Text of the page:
This Youtube video by MaterialiseGroup shows the flexible 3D-printing process of “Laser Sintering” used by designer Iris Van Herpen, in collaboration with the architect Julia Koerner and Materialise, to create a dress for her 2013 Haute Couture Collection ‘Voltage’. Enjoy!
Tsuke yaeba, or snaggleteeth, are coveted enough in Japan that a girl group was formed around the aesthetic trend in April 2012, scouted in a dentistry office that specializes in creating the “fangs” or protruding canines. Some dental offices are even offering tween and preteen girls discounts on the procedures, which can cost more than $400.
Nana, Mio, and Rika of the “snaggletooth” girl group TYB48, 2012. One of their first singles was, “Mind if I Bite?”
Snaggleteeth are usually defined as crooked teeth, and in the case of yaeba refer alternatively to prominent canines or “fangs.” Kirsten Dunst has been extensively investigated by tabloids for her supposed snaggleteeth, although her dental anomalies are much less obvious than those of the TYB48 girls, for example.
The dental procedure undergone by so many Japanese women is not as dramatic as many media make it sound; it’s often just a cap that gives the appearance of crowded baby teeth, a common cause of snaggleteeth.
In Japan, women who have (or buy) yaeba are considered slightly homelier than women with straight teeth, which is a good thing: it makes them more approachable–and subsequently much less homely. Often seen as a flaw in the West, prominent canine teeth have become an attractive trait to some Japanese men. Yaeba are now often associated with cuteness, or kawaii, a well-documented visual trend and sexual preference in Japan and around the world. As with the girls of TYB48, tsuke yaeba are often accompanied by cute, childlike clothing, such as a schoolgirl uniforms.
Photo from Elite Nights’ Tumbler (http://elite-knights.tumblr.com/), with the caption, “Doing yaeba right.” Photo: uncredited.
Many commentators harp on the relativity of beauty, the sacrifice (monetary and aesthetic) of these young women in their search for mates, and the sexualization of young girls. In a resounding and unsurprising lack of cultural relativism or understanding, websites like the UK Daily Mail Online offered headlines such as, “Japanese cosmetic trend for ‘sexy’ child-like look fuels demand for CROOKED teeth.” Perhaps this is a response to the wealth of comments substituting one insensitivity for another and comparing Japanese yaeba converts with the British, often lambasted for their apparent dental imperfections.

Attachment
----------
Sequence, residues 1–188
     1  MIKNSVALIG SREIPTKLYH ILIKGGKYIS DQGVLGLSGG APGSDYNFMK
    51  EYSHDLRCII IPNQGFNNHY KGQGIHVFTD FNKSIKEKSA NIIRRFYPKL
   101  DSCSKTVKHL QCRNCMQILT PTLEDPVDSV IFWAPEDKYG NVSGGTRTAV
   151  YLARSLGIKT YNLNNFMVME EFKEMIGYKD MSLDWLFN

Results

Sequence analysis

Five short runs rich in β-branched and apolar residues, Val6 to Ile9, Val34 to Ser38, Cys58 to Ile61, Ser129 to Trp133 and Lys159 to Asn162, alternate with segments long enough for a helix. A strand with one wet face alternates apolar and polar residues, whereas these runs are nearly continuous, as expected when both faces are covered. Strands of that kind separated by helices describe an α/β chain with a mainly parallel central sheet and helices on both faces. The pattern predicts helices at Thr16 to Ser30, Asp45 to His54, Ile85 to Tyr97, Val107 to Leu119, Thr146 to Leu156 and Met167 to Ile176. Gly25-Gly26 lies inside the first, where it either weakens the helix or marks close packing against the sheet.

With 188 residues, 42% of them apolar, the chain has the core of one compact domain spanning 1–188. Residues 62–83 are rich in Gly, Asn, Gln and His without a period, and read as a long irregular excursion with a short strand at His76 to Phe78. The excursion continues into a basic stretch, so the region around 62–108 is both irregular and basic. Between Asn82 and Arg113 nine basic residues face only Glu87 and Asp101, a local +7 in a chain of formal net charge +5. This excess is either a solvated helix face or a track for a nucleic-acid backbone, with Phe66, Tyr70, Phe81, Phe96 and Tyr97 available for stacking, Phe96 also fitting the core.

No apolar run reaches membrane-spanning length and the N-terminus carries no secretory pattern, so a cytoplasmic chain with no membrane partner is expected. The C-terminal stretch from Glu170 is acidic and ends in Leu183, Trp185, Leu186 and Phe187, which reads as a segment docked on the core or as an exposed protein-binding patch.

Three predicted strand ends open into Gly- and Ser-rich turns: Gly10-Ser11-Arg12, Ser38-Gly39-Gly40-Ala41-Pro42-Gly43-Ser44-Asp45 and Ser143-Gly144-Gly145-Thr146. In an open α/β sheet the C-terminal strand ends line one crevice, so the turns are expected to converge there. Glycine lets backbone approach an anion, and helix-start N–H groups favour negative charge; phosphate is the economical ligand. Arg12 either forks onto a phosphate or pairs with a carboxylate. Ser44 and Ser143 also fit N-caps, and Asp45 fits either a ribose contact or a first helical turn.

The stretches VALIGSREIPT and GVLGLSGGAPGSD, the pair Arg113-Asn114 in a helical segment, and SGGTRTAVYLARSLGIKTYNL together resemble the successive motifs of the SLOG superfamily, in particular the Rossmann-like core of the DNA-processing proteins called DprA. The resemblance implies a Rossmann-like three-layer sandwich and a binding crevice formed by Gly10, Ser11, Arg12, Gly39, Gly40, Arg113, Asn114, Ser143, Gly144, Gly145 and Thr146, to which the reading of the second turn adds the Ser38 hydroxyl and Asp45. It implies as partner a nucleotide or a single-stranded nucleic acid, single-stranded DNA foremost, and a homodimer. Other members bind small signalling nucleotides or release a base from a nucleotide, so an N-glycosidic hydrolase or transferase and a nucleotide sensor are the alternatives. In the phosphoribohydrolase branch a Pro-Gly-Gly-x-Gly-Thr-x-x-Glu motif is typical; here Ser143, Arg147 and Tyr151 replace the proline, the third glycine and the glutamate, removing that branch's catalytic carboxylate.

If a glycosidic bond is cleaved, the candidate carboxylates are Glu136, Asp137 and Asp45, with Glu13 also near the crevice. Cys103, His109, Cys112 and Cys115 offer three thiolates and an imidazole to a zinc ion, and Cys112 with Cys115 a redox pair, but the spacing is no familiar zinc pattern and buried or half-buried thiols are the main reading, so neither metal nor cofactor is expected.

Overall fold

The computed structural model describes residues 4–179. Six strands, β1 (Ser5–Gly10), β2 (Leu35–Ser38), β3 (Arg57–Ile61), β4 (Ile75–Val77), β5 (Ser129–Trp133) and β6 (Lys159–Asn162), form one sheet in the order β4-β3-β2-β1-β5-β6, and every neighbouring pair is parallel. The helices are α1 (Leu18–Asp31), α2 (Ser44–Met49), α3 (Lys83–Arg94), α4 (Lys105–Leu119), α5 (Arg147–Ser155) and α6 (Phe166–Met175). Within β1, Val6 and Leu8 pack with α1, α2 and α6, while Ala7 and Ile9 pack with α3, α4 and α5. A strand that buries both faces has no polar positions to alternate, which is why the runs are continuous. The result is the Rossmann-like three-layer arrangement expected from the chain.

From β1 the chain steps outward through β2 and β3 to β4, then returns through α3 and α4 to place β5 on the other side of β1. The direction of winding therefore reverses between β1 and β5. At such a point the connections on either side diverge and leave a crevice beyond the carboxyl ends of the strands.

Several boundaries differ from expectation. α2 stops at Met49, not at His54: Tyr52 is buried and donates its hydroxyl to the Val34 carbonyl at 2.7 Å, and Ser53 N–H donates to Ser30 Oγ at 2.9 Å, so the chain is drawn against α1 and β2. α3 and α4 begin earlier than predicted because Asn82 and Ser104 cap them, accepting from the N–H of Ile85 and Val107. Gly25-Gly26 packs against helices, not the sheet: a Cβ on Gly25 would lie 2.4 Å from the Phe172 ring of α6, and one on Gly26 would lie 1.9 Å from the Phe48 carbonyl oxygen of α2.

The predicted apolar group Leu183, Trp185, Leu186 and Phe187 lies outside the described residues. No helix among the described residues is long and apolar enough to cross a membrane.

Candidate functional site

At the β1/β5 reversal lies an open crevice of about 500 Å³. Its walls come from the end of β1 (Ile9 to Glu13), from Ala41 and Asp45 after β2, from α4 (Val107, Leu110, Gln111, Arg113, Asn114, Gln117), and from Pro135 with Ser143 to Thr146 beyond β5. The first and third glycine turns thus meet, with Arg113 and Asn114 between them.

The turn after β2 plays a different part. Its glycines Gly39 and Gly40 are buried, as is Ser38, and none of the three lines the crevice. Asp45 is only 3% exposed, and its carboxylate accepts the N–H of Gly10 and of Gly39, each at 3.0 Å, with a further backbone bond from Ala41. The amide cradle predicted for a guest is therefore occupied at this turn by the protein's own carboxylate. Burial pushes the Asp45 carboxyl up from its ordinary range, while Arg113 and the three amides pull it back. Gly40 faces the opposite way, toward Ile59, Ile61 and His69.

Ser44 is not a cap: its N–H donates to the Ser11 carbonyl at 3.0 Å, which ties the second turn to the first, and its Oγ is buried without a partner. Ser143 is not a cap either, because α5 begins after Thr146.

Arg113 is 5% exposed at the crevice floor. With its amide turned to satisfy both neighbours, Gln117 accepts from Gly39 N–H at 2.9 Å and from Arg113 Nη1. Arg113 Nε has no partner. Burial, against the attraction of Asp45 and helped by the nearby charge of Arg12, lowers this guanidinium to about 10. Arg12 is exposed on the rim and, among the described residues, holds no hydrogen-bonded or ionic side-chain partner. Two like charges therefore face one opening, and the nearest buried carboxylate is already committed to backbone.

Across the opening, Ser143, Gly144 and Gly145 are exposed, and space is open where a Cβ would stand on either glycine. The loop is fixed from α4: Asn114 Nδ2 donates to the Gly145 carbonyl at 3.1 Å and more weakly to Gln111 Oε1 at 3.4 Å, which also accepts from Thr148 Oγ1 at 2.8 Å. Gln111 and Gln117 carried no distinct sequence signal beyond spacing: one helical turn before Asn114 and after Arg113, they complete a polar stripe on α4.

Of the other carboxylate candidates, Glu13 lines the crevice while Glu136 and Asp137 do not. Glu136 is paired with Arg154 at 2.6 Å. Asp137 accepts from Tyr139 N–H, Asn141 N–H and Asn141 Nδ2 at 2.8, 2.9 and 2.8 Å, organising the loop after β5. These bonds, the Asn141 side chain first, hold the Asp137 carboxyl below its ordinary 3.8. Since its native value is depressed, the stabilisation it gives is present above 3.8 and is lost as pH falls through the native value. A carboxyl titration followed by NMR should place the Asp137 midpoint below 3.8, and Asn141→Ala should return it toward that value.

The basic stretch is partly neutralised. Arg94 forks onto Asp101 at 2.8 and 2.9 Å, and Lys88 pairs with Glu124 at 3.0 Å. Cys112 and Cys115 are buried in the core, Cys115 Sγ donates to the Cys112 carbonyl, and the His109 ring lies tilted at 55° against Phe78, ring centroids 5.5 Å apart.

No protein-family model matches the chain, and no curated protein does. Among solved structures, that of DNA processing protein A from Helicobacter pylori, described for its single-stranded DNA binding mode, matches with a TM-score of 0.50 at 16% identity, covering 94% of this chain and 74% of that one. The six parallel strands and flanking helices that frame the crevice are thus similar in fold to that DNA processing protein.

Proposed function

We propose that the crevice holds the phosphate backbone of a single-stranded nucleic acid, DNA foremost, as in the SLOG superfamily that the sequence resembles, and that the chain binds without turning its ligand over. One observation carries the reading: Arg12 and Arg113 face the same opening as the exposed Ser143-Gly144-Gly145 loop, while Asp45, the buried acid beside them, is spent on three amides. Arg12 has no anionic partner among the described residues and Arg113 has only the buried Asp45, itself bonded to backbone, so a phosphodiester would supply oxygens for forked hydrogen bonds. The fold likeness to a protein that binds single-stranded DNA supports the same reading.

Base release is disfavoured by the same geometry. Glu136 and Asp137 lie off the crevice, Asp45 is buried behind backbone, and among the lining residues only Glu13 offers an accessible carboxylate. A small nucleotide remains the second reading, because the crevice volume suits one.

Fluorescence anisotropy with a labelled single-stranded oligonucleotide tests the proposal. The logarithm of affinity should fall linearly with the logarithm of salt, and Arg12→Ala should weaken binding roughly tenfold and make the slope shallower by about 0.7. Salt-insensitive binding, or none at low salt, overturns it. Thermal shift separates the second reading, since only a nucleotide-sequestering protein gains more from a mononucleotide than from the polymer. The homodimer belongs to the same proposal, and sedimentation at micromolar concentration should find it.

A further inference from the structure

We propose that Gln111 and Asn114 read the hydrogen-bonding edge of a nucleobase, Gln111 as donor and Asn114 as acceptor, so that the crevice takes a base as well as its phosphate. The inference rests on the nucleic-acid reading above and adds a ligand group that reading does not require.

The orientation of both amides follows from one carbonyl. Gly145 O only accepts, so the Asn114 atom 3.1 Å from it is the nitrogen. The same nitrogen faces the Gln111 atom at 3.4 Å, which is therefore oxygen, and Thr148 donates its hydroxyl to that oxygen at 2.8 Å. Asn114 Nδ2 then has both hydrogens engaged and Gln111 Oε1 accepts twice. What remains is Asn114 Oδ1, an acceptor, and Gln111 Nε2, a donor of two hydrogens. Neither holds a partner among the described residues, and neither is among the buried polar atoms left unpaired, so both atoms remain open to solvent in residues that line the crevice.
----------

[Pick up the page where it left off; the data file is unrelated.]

Is the trend for tsuke yaeba troubling for its connections with sexualizing a child-like appearance? Or is it just another easy target? Is it a step forward (or at least away) from our global obsession with a perceived perfection? What other procedures do you know of that remove, alter, or denigrate a socially attractive feature of the body in order to make a person more approachable (see: Tyra Banks advising widening a gap tooth)?
If it were a different part of the body, or more surgically invasive, would you feel differently? Where is the line of so-called “sacrifice” drawn? Does this belong on the spectrum of body modification, or can this be compared to our American/Western interest in plastic surgery? What is the difference?
Let us know what you think below!
In this Youtube video posted by the Metropolitan Museum of Art, Marshall and Marilyn R. Wolf discuss their collection of Turkmen jewelry, on display at the Met until February 24: